Yes, there might have been provocateurs in the crowd on Sherbrooke St, but as far as the reports indicate, the students on campus were just that--students on campus. Would it have been that hard to ask for student id if they really wanted to separate the off-campus people from the students have a right to hang out on campus, go to class and protest?
The funny thing is that McGill is obsessed about its reputation, to the point that they are making all of the student orgs change their names to distance them from McGill, but the institution tends to over-react quite badly at times, doing more damage than a McGill Ultimate team ever could.
Again, I am pretty obviously opposed to tuition freezes/reductions, but they have a right to protest such stuff. The university has a responsibility to make sure that whatever response occurs needs to weigh the risks carefully so that students are protected. Seems to me that they probably fell short yesterday.
Update: Principal of McGill Essentially Blames the Cops (direct quote, only emphasis added)
Hmmm. Quick action to investigate. And I would not be surprised if the escalation was out of the hands of the McGill folks. Of course, the timing of the report, amid finals, is a bit problematic but it is really a short time from now. Probably the best that can be done. Interesting times ahead.Message on behalf of Principal Heather Munroe-Blum
I write to you following the disturbing events of yesterday. I was not on campus and did not witness the events firsthand.
Based on what I have been told, I have today asked our Dean of Law, Daniel Jutras, to conduct an independent investigation of the events and to report back to me on his findings by December 15, 2011.
I am taking this action based on the following information provided to me today:
Late Thursday afternoon, a group of protesters entered the unlocked James Administration Building and forced their way from a reception area outside the offices of the Provost and the Principal, pushing staff in the process. Some of them were masked and hooded. They refused to identify themselves.
Security personnel were called to deal with the situation. Over the course of a few minutes, they ushered most of the protesters back to the reception area, but a few refused to leave my office. These individuals were carried out to the reception area under protest, where they were then left undisturbed.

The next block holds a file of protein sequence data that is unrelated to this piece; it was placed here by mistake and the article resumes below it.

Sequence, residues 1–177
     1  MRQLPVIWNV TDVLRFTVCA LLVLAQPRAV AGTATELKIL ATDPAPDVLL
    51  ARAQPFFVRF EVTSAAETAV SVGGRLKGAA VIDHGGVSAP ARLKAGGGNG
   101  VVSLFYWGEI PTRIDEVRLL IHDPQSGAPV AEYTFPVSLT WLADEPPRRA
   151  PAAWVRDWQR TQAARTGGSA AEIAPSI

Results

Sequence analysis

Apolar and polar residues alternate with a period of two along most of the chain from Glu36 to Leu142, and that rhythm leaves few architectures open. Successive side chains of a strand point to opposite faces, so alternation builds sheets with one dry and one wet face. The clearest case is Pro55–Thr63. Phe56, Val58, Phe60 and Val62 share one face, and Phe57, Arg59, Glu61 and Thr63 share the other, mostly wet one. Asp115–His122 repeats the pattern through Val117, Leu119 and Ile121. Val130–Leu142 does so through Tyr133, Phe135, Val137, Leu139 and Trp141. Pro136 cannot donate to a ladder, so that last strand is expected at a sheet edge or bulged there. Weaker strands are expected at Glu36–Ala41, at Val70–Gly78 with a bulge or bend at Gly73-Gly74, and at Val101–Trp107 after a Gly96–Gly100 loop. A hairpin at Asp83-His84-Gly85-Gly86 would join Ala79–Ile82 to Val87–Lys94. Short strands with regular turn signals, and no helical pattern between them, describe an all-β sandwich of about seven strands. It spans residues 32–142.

As a protest grew outside the building, apparently encouraged by social media messages from the protesters within, all exits to the building were effectively blocked by protesters, and employees who were trying to leave the building to go home could not do so. It was clearly a tense, stressful situation.
Security personnel called Montreal police. Four officers arrived to survey the situation. Police in the building did not speak with the occupying protesters or interact with them in any way. At no time were the protesters detained by McGill staff.
I understand that the Provost and Deputy Provost (Student Life and Learning) spoke with the protesters more than once asking them what they wanted, and, about their plans and, ultimately, their desire to have the event end peacefully and safely. In exchange for a promise to leave immediately, quietly and peacefully, the Provost and Deputy Provost assured the protesters they would be allowed to leave the building with no consequences, including criminal charges, identification to police or disciplinary action on the part of the University. After consultation amongst themselves, they agreed and were escorted out by the Provost Anthony Masi and Deputy Provost Morton Mendelson.
The situation outside, and the presence of the riot squad, which dispersed the protesters by its usual means, was entirely directed by the Montreal police service.
The presence of riot police on our campus is shocking.
We as a community, need to fully understand the events and the responses to them and I trust Dean Jutras will conduct a thorough, impartial review.